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Perl: the Markov chain saw

Re: Re: what's faster than .=

by pg (Canon)
on Mar 08, 2003 at 17:36 UTC ( #241408=note: print w/replies, xml ) Need Help??

in reply to Re: what's faster than .=
in thread what's faster than .=

Your post and testing results, made me thinking why the approach Perl uses to allocate memory for hash is totally different from what it does for string.

My answer is that they had different expectations for string and hash.

For string, most of the time, you don't expect it to grow that much. More importantly, even it grows, it does not indicate it will continue to grow.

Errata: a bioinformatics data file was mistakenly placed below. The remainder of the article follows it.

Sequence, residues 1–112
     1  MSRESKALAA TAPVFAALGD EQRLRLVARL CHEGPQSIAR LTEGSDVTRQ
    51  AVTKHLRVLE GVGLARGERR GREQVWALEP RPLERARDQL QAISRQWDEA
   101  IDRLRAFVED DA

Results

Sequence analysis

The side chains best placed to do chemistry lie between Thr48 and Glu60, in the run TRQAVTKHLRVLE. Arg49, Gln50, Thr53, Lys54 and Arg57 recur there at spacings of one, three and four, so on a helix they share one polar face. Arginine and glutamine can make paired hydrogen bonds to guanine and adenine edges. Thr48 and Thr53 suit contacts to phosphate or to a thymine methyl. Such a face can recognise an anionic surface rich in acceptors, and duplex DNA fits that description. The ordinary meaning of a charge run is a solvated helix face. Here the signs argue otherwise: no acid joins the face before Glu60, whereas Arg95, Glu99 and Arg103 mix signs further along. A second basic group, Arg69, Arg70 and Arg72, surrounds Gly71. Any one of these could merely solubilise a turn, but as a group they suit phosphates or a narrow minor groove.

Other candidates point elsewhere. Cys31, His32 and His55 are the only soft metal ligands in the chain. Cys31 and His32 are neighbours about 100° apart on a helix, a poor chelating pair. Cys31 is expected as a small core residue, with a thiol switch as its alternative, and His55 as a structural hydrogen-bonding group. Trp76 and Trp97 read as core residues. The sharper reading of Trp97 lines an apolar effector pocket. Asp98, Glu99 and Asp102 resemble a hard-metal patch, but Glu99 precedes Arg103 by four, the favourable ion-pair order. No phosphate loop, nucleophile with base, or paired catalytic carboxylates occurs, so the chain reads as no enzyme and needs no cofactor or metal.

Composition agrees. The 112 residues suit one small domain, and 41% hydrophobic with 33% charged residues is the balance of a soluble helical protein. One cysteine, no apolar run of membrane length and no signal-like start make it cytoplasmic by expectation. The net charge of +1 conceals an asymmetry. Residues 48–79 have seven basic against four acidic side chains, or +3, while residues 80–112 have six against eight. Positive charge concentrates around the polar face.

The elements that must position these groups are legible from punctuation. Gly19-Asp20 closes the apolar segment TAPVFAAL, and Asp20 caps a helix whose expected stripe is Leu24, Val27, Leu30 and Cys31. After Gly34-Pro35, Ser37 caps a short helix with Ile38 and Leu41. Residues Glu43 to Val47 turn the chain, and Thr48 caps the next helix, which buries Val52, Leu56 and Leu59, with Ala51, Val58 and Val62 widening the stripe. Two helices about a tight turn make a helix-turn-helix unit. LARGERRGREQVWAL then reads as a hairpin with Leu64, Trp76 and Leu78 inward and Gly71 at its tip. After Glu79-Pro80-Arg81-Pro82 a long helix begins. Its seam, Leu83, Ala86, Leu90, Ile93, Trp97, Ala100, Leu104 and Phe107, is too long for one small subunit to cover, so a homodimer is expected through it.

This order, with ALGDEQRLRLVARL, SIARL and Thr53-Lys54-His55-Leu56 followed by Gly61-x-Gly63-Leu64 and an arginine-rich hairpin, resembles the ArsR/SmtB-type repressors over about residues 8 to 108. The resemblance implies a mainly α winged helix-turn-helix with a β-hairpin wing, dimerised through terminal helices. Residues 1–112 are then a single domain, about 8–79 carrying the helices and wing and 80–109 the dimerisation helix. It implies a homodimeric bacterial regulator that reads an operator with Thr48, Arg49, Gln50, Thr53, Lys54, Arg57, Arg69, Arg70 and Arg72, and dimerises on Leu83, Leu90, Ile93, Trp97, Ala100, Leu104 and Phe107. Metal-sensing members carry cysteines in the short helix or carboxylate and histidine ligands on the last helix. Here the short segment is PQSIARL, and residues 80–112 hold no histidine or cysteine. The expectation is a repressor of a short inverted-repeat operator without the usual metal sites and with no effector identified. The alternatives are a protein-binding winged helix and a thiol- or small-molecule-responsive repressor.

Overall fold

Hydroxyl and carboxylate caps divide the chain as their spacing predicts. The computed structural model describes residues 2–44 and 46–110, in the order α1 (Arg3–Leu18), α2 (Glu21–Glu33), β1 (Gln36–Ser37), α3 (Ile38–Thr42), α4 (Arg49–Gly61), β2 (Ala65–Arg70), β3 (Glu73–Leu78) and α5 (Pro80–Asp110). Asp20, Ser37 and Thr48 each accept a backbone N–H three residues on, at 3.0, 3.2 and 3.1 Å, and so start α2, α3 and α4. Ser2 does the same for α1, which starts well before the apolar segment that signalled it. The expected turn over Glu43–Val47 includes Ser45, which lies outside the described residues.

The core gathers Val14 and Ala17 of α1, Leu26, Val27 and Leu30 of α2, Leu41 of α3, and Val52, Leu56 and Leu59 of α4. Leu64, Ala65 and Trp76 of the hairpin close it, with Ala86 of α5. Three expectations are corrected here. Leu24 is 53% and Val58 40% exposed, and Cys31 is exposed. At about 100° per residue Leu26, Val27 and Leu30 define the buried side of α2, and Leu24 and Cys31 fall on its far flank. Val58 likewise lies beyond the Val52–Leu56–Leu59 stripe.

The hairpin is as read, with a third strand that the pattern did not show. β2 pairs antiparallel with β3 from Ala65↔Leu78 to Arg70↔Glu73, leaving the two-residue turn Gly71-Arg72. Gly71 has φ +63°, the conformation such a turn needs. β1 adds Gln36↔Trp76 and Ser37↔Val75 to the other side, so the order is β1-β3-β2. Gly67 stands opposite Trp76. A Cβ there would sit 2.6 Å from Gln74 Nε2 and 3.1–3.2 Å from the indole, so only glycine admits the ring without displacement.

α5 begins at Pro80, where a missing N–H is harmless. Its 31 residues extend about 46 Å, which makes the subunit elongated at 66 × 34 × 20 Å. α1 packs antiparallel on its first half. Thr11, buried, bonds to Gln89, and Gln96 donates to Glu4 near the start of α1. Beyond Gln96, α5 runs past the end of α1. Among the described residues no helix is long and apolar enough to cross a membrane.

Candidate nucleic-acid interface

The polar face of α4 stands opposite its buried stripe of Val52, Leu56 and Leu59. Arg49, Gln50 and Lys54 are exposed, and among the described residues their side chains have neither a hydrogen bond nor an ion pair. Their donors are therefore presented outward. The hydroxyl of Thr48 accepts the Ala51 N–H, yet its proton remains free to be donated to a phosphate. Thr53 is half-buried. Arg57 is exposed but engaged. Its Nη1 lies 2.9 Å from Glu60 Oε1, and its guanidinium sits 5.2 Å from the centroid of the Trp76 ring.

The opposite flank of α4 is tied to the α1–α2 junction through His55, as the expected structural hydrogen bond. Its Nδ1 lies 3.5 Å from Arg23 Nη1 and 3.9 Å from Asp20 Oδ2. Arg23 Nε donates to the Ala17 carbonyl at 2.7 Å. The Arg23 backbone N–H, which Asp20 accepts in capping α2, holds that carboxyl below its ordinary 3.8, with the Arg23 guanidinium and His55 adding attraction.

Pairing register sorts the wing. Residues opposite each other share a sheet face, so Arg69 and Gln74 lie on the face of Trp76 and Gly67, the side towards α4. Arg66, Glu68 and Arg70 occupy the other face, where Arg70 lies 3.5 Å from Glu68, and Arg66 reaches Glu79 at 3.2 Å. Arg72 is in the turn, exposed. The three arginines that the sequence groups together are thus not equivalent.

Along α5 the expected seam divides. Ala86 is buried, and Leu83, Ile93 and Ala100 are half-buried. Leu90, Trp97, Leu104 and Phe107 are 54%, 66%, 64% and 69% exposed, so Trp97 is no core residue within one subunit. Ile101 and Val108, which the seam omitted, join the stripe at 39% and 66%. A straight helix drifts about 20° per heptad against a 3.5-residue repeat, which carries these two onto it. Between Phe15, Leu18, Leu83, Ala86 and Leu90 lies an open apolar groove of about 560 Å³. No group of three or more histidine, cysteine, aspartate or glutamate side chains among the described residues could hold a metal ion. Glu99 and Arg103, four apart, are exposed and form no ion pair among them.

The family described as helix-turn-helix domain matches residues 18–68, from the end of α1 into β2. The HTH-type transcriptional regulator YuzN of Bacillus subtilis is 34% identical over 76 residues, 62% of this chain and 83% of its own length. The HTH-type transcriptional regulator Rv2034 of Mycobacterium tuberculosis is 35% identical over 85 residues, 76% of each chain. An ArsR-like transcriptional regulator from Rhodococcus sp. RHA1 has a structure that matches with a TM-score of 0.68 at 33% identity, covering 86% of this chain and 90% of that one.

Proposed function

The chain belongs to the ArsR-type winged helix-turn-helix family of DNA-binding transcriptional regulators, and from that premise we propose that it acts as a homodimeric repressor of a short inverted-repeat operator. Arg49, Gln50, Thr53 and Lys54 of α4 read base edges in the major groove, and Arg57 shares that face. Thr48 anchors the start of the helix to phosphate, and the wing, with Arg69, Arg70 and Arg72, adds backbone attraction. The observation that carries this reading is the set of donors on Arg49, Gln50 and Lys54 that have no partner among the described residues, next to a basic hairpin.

But hash is different, as a collection of elements, you expect it to grow all the time. More importantly, if you see some growth, it would be reasonable for you to expect more growth. To speed up, Perl simply assume that what happened would happen again, so let's double the memory allocated, when what has been allocated is all used up.

It is all about expectation and analysis of behavior.

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